Solution to Jupiter’s “energy crisis” possibly found; the Great Red Spot holds key

Researchers have possibly found the solution to the Jupiter’s puzzling “energy crisis” and it is likely to do with the planet’s Great Red Spot.

The problem is this: the top layer of Jupiter’s atmosphere cover the entire planet and according to estimates the temperature of this layer should be around 200 K. But when measurements of the temperature of this layer were made, it turned out that the temperature is four times the initial estimates at whopping 800 K and this is something that has been puzzling astronomers for decades.

A team of astronomers from Boston University and the University of Leicester in England has been looking at this problem and they seem to have found the solution in the planet’s Great Red Spot. Researchers from the two universities have found that the upper atmosphere 500 miles above the Great Red Spot is even hotter than the rest of the thermosphere at 1600 Kelvin. In a paper published in the journal Nature scientists are of the opinion that it is the energy from this storm raging since at least 150 years that is responsible for the high temperatures of thermosphere.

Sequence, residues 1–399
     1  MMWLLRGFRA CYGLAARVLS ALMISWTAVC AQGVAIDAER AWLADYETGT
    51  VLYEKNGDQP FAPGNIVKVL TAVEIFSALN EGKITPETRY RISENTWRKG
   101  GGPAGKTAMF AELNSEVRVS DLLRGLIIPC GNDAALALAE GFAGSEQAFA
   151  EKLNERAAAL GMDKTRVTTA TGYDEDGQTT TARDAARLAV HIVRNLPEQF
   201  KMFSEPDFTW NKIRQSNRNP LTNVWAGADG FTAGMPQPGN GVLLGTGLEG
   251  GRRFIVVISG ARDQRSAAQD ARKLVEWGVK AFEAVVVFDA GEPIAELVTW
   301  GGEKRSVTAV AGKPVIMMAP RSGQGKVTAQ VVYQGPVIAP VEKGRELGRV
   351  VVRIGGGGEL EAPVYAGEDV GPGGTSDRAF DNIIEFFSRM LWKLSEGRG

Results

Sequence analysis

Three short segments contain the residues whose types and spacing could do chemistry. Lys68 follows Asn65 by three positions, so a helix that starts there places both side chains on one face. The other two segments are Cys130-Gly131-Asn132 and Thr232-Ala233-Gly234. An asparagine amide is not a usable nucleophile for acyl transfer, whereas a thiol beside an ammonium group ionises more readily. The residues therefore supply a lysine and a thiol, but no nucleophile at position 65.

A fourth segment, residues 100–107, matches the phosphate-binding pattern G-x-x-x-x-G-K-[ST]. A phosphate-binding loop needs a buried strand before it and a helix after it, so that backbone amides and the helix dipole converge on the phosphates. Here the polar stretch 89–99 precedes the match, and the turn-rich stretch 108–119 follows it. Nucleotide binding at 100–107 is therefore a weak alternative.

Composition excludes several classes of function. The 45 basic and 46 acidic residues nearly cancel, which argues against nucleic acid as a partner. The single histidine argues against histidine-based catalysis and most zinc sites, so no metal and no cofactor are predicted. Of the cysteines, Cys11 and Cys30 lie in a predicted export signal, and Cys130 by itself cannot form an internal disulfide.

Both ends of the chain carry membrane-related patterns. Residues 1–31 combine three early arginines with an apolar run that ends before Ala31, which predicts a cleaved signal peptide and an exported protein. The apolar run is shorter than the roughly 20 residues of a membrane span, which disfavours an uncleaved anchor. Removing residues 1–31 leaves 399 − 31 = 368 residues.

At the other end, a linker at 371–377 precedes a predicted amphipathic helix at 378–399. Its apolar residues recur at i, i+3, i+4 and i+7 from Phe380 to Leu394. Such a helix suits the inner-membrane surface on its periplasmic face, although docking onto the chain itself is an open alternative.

Authors of the study explain that like ocean waves breaking on the shore, the waves from the storm “dump” their stored-up energy in the upper atmosphere. Instead of water waves, though, the Great Red Spot sends up waves of compressed gas that break in a hot froth at the upper atmosphere.

To measure the temperature of Jupiter’s upper atmosphere, researchers took advantage of the unique properties of a molecule called protonated molecular hydrogen, or H3+, which on Jupiter is found mostly in a 200-mile-thick layer of the upper atmosphere. Protonated molecular hydrogen is a positively charged molecule made up of three hydrogen atoms arranged like the points of a triangle. When it gets hot, protonated molecular hydrogen gives off light. The colors that make up that light change as the temperature of the molecule changes. By splitting Jupiter’s light up into its component colors and comparing the results against a computer model, scientists were able to use H3+ as a kind of “light thermometer” to take the temperature of the upper atmosphere.

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